[O]ne who escapes persecution in his or her own land will rarely be in a position to bring documentary evidence or other kinds of corroboration to support a subsequent claim for asylum. ... [O]ne who flees torture at home will rarely have the foresight or means to do so in a manner that will enhance the chance of prevailing in a subsequent court battle in a foreign land. Common sense establishes that it is escape and flight, not litigation and corroboration, that is foremost in the mind of an alien who comes to these shores fleeing detention, torture and persecution. (1) Faced with a large-scale refugee crisis in the aftermath of World War II, the international community developed the 1951 United Nations Convention Relating to the Status of Refugees and the 1967 Protocol (collectively, the Refugee Convention) to articulate all states' obligations toward refugees fleeing persecution at home.(2) The Refugee Convention classified as refugees all individuals who cannot return to their countries of origin due to "a well-founded fear of persecution" based on one of the following protected characteristics: race, religion, nationality, membership of a particular group, or political opinion. (3) The Refugee Convention also articulated the principle of non-refoulement, which prohibits states from returning refugees to any country where they would be at risk of persecution. (4)

Although the United States ratified the 1967 Protocol in 1968, the United States had no specific asylum law to govern adjudication of refugee claims until Congress enacted the Refugee Act in 1980. (5) Congress expressly intended the Refugee Act to ensure that domestic asylum law accurately reflected the United States' international obligations under the Refugee Convention. (6) Congress has revised asylum law and procedures several times since 1980, (7) but the essence of the protection remains the same: asylum is a form of discretionary immigration relief available to foreign individuals within the United States (8) who qualify as refugees and are otherwise admissible to the United States. (9)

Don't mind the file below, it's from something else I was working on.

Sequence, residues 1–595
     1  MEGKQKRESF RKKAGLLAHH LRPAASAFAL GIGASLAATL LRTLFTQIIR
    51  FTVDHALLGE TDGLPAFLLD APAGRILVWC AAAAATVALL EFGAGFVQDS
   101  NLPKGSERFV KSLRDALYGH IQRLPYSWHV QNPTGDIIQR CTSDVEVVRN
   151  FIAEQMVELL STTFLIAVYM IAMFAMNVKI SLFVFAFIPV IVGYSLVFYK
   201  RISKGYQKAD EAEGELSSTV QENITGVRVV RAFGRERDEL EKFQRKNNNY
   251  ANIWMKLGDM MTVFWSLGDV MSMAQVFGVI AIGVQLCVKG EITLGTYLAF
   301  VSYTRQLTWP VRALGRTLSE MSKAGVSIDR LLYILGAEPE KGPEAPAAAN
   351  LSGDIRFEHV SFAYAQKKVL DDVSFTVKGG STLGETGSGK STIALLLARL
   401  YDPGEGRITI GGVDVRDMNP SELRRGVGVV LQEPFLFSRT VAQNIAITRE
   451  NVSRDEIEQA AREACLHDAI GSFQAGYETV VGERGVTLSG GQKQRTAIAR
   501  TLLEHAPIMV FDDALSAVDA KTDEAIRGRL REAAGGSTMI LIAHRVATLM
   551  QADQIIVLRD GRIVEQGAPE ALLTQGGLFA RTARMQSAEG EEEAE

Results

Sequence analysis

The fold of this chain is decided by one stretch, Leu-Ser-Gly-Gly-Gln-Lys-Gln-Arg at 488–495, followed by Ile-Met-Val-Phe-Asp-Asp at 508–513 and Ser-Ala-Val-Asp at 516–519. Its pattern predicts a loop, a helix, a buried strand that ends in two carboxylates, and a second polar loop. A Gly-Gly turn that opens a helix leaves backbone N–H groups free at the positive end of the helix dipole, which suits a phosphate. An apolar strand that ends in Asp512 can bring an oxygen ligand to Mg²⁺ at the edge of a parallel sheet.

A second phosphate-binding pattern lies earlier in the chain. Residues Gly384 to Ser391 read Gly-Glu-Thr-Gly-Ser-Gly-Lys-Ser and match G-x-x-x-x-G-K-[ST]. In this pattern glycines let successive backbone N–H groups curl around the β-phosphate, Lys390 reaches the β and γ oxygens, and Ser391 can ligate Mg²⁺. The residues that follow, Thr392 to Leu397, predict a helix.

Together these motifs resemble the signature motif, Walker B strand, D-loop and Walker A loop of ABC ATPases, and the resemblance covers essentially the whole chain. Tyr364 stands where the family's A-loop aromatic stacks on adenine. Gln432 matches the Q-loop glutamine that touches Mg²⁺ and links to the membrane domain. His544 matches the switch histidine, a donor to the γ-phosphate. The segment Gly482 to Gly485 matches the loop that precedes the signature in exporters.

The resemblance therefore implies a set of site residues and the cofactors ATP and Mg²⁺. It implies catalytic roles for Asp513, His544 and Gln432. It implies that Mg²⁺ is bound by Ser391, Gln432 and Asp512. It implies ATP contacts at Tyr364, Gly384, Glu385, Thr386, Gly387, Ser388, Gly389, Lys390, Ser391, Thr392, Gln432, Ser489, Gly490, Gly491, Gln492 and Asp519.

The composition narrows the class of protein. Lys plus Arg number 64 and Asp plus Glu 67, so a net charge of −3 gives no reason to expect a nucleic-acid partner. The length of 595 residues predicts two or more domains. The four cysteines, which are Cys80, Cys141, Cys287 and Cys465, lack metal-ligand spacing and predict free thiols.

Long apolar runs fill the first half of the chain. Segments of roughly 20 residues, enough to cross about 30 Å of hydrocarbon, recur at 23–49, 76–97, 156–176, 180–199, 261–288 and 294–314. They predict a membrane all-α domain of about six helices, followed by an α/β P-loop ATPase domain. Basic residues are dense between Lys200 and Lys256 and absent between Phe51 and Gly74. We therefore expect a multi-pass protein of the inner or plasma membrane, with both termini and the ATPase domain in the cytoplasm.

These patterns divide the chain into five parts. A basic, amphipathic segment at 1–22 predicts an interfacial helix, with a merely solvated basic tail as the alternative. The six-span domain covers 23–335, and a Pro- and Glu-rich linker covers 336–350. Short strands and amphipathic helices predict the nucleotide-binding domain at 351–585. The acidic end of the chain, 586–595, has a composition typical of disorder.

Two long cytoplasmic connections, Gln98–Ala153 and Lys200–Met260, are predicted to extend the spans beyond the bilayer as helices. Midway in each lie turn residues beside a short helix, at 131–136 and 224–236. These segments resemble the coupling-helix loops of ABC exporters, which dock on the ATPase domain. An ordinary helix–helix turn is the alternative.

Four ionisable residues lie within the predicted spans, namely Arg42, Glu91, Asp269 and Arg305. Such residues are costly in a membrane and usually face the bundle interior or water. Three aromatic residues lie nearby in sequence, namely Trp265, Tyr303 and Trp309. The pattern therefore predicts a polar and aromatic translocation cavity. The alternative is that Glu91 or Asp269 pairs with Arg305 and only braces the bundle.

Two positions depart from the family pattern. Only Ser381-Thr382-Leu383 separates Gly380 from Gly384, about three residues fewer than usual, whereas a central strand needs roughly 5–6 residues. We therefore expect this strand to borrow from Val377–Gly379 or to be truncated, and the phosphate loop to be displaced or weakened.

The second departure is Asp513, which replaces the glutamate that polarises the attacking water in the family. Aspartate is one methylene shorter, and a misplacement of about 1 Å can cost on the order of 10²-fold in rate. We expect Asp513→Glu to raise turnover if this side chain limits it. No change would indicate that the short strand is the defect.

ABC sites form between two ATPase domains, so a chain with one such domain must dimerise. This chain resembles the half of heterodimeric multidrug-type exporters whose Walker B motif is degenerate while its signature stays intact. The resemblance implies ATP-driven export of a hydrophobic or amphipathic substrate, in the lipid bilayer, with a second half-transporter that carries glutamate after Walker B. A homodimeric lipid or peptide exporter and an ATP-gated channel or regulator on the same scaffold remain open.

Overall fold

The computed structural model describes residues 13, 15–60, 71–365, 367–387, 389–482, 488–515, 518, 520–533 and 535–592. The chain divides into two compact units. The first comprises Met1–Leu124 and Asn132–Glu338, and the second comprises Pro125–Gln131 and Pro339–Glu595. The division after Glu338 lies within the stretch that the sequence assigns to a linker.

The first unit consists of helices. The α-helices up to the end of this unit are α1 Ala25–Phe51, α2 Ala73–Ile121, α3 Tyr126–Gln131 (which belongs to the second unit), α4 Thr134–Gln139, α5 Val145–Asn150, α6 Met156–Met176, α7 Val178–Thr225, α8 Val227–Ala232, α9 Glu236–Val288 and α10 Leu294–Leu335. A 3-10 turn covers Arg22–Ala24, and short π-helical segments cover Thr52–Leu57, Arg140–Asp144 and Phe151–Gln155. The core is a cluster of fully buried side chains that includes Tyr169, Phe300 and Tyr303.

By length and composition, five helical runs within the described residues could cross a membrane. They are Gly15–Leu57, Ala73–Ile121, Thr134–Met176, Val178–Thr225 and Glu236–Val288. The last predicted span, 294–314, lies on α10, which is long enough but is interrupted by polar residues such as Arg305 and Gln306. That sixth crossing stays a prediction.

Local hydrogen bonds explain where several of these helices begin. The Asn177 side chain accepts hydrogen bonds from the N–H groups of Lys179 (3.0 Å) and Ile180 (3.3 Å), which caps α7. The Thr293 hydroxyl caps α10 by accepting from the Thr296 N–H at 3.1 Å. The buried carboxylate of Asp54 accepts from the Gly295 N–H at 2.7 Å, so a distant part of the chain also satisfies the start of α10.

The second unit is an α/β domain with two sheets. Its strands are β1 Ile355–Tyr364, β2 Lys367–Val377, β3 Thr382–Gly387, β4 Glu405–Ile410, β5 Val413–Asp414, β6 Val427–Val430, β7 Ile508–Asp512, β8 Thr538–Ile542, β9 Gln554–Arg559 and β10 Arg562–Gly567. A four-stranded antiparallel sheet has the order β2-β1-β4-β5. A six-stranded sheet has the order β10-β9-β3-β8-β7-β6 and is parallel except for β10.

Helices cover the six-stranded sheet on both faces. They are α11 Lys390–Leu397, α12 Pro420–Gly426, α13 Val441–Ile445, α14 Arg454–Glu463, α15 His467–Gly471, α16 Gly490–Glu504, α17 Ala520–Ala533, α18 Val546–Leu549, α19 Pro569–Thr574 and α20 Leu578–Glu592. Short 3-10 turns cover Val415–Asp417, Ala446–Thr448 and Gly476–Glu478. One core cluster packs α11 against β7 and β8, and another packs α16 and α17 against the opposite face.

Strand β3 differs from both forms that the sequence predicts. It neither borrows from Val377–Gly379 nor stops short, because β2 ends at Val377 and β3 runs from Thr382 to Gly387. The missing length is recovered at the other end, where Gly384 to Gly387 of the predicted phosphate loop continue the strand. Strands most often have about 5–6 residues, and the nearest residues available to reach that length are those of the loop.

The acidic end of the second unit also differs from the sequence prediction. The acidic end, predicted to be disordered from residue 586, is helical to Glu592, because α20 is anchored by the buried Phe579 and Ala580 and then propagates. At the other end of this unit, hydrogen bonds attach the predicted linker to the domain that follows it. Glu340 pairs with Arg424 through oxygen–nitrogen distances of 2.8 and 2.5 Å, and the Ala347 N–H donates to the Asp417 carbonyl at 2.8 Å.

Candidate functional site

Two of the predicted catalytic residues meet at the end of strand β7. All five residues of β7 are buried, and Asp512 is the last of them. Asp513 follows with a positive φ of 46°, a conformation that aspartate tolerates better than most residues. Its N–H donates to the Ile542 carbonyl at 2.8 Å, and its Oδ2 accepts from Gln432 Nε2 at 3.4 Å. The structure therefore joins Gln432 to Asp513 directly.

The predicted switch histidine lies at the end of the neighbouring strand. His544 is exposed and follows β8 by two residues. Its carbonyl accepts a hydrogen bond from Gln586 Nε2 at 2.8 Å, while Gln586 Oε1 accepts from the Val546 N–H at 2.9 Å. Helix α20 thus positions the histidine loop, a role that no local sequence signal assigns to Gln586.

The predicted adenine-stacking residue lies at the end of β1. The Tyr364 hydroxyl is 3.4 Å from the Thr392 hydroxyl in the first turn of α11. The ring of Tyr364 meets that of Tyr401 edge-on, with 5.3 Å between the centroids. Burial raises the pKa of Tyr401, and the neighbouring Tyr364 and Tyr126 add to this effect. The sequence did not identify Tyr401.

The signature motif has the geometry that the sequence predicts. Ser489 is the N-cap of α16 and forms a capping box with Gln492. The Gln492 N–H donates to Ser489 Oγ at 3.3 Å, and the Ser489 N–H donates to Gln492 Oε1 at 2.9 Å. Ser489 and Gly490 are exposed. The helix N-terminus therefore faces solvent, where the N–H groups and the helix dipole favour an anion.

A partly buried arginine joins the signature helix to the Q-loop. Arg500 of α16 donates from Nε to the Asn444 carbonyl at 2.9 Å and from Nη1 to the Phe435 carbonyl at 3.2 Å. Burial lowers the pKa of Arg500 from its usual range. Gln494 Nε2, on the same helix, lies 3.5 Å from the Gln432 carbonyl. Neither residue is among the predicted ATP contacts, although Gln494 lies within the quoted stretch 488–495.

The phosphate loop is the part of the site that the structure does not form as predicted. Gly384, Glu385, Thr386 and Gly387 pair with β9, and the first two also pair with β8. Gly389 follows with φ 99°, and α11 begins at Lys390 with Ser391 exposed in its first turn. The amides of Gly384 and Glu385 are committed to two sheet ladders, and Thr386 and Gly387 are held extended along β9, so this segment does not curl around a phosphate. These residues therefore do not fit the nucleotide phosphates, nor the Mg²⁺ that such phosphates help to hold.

U.S. asylum law places the burden of proof to establish her status as a refugee on the asylum seeker. (10) In order to qualify as a refugee for asylum purposes, an applicant must establish an unwillingness or inability to return to her home country due to past persecution or a well-founded fear of future persecution. (11) Such persecution must be "on account of race, religion, nationality, membership in a particular social group, or political opinion." (12) An asylum applicant seeking to establish a well-founded fear of persecution must demonstrate both subjective fear and a reasonable possibility that she would be subject to persecution if sent back to her home country. (13) An applicant's demonstration that she has suffered past persecution creates a rebuttable presumption of a well-founded fear of future persecution. (14)